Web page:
- FR4: Weather protected exterior use
- FR5: Weather exposed environment
What documentation should I ask my provider for?
The purpose of documentation is to provide evidence of your compliance to your authorities. It’s important that you retain it for future reference.
Treatment certificates, delivery notes and invoices should all align with treatment specifications and every batch of fire retardant treated timber should be accompanied by a Classification Report.
The Classification Report is independently certified and will be species specific. It will include details such as the fire classification achieved with treatment, the minimum thickness covered and the field of application. If you deviate from these specifics, your documentation will be invalid.
It’s always wise to double-check the details of your Classification Report against your specification for the project. Your documentation will only support you if the two match exactly.
Does fire retardant timber look different?
The treatment solution used in the pressure chamber is clear. However, certain wood species might exhibit slight darkening after treatment, with the graining becoming more pronounced. If the timber is to be used externally, this will fade with weathering. By talking to your treatment provider at the outset, they’ll be able to discuss the merits and limitations of different timber species and provide you with samples.
Can I coat fire retardant timber?
There’s no need to overcoat fire retardant timber for preservation purposes. Any factory-controlled process has treated your timber for the longevity required.
There might be times when you want to specify a particular coating for aesthetic reasons though. This must only be undertaken after full discussion with your treatment provider. Certain paints and stains are not fire retardant in themselves and might not adhere to the timber fully. You could be quite literally adding fuel to the fire.
Treatment providers generally have approved and fully tested coating systems that will maintain the fire retardant properties of the timber. They might also be able to apply them in a factory environment, following treatment and kiln-drying. This can deliver cost efficiencies and a superior finish.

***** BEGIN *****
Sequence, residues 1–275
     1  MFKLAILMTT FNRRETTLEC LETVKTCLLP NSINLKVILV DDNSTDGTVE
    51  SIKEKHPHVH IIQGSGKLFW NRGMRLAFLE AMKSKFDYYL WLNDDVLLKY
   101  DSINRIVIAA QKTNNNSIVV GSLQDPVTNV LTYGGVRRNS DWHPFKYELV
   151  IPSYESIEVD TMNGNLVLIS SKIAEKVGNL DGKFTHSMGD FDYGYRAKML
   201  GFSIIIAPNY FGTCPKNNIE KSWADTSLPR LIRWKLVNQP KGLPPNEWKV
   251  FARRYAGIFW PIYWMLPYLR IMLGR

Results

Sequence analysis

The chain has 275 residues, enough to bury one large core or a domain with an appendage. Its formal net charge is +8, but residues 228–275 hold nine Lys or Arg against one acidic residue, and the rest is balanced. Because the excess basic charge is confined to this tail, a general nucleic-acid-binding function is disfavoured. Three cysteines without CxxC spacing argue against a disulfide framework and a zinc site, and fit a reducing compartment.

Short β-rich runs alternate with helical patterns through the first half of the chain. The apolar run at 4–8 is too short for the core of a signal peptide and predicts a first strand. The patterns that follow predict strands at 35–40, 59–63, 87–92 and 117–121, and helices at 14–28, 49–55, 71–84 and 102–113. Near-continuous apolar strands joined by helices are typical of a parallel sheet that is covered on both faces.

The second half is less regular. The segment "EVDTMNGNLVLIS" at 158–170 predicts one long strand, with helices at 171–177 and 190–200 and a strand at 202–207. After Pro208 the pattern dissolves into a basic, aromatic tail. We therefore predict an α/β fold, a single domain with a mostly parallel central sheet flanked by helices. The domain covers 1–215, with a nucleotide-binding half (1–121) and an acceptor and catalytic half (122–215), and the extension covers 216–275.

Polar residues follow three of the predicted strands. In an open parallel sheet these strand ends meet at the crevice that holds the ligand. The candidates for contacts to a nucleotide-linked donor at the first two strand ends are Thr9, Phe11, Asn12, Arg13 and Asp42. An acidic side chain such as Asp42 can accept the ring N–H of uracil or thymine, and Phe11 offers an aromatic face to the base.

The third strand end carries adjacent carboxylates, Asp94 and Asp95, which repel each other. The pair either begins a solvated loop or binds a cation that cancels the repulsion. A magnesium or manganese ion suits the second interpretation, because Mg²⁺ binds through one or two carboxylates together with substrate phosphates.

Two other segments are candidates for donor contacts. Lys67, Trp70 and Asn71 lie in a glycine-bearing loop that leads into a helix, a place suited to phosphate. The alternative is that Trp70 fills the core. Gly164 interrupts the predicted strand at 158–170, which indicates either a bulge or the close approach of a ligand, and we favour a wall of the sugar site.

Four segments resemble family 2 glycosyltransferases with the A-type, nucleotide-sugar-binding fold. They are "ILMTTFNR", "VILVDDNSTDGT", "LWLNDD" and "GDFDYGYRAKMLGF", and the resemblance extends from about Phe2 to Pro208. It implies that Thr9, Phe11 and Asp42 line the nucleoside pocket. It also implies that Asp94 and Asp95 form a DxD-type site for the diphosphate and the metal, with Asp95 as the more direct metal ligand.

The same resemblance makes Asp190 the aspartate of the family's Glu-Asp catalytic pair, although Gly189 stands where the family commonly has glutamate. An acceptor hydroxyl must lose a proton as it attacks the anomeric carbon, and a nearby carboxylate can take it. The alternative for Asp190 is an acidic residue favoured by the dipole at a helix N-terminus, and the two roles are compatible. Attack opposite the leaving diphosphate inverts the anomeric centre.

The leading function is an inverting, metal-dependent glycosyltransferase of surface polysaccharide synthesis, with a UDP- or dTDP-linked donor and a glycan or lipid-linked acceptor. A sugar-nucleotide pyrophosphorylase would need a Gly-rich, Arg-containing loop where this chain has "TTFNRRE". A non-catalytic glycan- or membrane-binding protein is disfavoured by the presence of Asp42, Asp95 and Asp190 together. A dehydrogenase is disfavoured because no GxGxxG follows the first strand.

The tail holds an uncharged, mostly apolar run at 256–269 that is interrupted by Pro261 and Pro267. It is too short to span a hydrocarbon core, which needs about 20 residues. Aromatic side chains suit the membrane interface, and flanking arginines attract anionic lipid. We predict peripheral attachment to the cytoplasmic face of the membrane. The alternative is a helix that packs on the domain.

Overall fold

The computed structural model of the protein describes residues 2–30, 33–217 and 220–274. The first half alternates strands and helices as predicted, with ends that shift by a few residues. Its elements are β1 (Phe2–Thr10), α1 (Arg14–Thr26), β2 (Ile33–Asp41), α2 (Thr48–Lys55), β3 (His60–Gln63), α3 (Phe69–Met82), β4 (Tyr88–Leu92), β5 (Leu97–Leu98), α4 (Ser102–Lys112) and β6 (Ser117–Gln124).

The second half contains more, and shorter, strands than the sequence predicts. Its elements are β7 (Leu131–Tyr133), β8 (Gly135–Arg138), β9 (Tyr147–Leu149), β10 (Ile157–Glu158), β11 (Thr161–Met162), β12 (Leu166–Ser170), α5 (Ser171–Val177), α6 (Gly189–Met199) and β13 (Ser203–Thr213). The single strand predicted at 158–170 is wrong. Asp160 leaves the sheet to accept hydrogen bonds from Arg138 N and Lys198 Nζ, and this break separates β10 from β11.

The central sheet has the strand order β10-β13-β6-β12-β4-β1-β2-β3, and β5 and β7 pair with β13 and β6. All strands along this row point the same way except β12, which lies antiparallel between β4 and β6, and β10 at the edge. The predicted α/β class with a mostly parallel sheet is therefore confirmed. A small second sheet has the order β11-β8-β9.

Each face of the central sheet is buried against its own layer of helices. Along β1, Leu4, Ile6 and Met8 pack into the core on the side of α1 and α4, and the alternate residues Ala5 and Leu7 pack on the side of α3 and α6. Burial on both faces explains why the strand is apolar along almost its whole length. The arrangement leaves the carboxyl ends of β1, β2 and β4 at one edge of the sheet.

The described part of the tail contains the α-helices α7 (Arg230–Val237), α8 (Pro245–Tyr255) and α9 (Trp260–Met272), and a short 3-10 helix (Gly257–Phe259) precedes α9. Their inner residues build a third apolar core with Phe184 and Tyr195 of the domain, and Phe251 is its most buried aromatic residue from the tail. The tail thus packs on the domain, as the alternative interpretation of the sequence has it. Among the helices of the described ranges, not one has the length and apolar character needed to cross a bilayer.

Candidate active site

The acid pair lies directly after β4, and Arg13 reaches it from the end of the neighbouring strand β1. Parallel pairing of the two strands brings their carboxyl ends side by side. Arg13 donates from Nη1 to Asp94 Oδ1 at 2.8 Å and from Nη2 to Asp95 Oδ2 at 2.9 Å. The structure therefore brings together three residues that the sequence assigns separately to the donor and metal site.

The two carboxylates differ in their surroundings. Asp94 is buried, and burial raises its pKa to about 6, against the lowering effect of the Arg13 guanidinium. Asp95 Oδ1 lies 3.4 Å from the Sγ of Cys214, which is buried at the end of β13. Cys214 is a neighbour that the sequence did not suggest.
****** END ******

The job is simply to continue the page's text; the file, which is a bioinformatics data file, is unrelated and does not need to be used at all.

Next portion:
Any advice for handling fire retardant timber?
We would always recommend that timber is cut, profiled and sanded before treatment. Any post-profiling could negatively impact on its fire retardancy. We can provide product machining and CNC cutting prior to treatment, helping to minimise any work to the timber after treatment. This is always the most effective route, ensuring your timber performs as intended, should a fire break out.
As with all treated timber, store it in a dry and well-ventilated location. It’s advisable to use gloves when handling the timber and acknowledge general health and safety advice.
Should you wish to attach fixings to the timber, we’d recommend opting for stainless steel. Other metals can react with the chemicals in the timber, causing unsightly corrosion. Though this is not an issue with Burnblock.
Fire retardant timber is generally safe to dispose of. Burnblock, for example, is not harmful to the environment and can even be used in biomass recycling. Its slow burning can actually increase the efficiency of the energy yield and can be considered non-hazardous in all instances.
Where can I learn more?
Certified fire retardant treatment providers should offer you a wealth of information and be able to answer many queries. They are used to working with architects, specifiers and contractors to deliver the optimum product for a building project. These businesses will also work very closely with their chemical providers and maintain all the documentation and testing evidence required for due diligence.
In the UK, the Wood Protection Association (WPA) and the Timber Decking and Cladding Association (TDCA) exist as independent trade associations to support the timber industry. Both are incredibly knowledgeable on the issues around fire retardant timber, supporting businesses daily.
Specifying fire-safe buildings is of utmost importance across the globe and those involved must take the time to acquire the right knowledge to do this correctly, for each specific project. Fire retardant timber is certainly complex, but the support and advice exists to ensure a totally effective specification that delivers the optimum level of fire safety, whatever the size and ambition of the construction.